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Killer's Girlfriend Arrives in L.A., Met by FBI; Police: Shooter Fired for 9-11 Minutes from 32nd Floor; Trump to Meet with First Responders, Survivors; Stories of Heroism Amid Carnage. Aired 10-10:30a ET

Aired October 4, 2017 - 10:00   ET



JOHN BERMAN, CNN ANCHOR: She will also be questioned by Las Vegas Police.

Also, new this morning, our first look at video from body cams worn by first responders as they arrived on the scene.


UNIDENTIFIED MALE: Go that way. Go that way. Go that way.

Hey, they're shooting right at us, guys. Everybody, stay down. Stay down!


UNIDENTIFIED MALE: North of the Mandalay Bay, it's coming out of a window.


POPPY HARLOW, CNN ANCHOR: Also, the president right now is in the air. He is headed to Las Vegas where he will meet with some of those first responders, officials. He and the first lady will go to the hospital to meet with some of the wounded, the victims. We are following all of the developments as they break this morning.

Let's begin our coverage with daybreaks, CNN "Early Start" anchor who joins us. And Dave, you are between where the shooter was and obviously, where the concert was. What can you tell us about what's coming out of this connection to the Philippines, the girlfriend now a person of interest again. Why?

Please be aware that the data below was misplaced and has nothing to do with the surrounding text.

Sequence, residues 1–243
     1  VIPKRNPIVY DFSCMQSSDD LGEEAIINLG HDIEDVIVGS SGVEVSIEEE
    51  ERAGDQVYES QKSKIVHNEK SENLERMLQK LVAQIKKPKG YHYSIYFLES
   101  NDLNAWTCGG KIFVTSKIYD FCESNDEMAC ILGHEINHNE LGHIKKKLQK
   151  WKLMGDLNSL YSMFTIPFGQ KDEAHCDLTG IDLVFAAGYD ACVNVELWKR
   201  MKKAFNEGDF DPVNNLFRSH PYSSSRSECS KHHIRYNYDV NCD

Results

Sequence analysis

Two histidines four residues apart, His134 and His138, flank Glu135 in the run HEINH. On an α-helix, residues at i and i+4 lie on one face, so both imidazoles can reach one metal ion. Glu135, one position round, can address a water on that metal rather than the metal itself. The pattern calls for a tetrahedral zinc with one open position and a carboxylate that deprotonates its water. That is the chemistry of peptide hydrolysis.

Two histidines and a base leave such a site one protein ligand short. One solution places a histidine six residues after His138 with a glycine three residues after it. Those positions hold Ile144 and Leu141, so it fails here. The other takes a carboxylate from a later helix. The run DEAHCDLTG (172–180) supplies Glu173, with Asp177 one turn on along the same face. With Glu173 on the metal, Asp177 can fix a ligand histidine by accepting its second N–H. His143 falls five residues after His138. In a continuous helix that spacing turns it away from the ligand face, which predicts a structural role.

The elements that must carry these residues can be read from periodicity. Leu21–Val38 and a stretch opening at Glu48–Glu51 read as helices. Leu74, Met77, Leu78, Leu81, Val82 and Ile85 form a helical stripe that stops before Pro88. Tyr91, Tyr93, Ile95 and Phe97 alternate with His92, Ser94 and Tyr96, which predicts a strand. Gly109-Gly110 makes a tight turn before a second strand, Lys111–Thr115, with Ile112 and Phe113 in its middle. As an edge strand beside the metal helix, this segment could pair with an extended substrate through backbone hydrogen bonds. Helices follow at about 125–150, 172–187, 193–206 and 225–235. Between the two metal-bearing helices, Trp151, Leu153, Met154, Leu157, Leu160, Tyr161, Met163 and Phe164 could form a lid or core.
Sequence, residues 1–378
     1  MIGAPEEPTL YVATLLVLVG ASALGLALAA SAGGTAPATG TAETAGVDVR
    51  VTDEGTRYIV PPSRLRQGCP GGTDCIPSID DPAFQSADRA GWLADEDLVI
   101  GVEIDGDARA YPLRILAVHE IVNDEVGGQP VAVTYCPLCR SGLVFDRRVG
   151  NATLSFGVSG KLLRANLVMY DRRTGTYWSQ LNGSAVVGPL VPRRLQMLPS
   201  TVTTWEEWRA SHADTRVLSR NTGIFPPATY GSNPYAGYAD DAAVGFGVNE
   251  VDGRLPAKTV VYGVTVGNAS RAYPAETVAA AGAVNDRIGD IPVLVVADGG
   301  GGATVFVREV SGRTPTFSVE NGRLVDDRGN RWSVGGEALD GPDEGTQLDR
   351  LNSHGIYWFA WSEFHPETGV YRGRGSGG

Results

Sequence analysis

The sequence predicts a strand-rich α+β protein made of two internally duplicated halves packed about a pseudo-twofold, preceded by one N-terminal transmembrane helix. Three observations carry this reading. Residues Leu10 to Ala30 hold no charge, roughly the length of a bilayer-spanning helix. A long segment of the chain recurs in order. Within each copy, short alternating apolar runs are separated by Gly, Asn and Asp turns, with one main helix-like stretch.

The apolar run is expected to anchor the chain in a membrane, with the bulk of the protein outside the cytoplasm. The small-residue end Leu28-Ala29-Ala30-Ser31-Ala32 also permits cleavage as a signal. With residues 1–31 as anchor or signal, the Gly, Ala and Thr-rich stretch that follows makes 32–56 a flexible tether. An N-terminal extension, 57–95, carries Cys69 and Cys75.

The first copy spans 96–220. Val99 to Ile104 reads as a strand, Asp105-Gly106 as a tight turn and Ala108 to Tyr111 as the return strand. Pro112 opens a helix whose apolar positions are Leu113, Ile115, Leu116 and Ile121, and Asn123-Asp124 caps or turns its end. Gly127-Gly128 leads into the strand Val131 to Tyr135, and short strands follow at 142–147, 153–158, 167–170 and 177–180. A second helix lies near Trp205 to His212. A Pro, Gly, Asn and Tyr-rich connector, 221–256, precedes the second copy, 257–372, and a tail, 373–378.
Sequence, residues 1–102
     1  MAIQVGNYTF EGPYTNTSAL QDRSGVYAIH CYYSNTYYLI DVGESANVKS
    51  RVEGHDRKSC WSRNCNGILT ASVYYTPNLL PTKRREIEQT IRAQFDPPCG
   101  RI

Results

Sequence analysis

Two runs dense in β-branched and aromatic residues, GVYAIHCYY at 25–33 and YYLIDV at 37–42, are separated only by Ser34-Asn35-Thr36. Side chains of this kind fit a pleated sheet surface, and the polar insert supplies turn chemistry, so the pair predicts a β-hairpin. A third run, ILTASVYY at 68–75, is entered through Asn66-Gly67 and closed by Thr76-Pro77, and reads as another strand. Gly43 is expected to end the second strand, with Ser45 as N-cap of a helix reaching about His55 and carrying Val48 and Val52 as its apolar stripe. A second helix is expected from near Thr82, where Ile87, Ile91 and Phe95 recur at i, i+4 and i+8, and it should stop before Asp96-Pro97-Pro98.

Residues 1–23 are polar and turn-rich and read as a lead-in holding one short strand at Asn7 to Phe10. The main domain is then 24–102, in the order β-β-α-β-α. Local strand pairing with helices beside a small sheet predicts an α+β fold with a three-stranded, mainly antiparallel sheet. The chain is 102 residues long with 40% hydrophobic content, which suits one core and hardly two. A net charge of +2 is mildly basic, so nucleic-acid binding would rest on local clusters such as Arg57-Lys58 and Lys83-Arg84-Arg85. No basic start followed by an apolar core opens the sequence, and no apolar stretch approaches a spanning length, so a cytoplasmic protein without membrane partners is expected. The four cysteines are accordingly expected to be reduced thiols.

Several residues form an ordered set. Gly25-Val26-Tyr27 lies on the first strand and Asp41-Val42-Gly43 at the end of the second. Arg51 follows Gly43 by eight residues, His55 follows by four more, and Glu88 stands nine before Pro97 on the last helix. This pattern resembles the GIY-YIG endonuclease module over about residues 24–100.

DAVE BRIGGS, CNN ANCHOR, "EARLY START": Well, I mean, she's not just a person of interest again. When you consider that Stephen Paddock, at 64 years old at the time of his suicide, had no friends to speak of, she's really the only person that can speak to the mind-set, begin to give us some sense of a motive as to why he might have committed this heinous crime. They have a lot of questions to ask her. She might be the only one that can give them some insight.

As we mentioned, back in Los Angeles this morning, having flown in from her native Philippines to L.A.X., accompanied by FBI agents. We're also hearing from her sisters. They live in Australia. With their faces obscured, with their names not revealed. They spoke emotionally about why their sister was out of the country at the time her boyfriend opened fire and killed 58 people.


UNIDENTIFIED FEMALE: And I know that she don't know anything as well like us. She was sent away. She was sent away so that she will be not there to interfere with what he's planning.

UNIDENTIFIED FEMALE: She didn't even know that she was going to the Philippines, until Steve said, oh, Marilou, I found you a cheap ticket to the Philippines.


BRIGGS: Sent away, some chilling words from the sisters. How does Australia fit in? Well, she was an Australian citizen. She was traveling on an Australian passport and it was very active. On September 15th, more than two weeks before the shooting, we can confirm a flight from Tokyo to her native Philippines, but she didn't just stay there. One week later, a flight from the Philippines to Hong Kong. Three days later, on September 25th, from Hong Kong back to the Philippines, where she remained until traveling to Los Angeles, again, late last night, accompanied by FBI agents.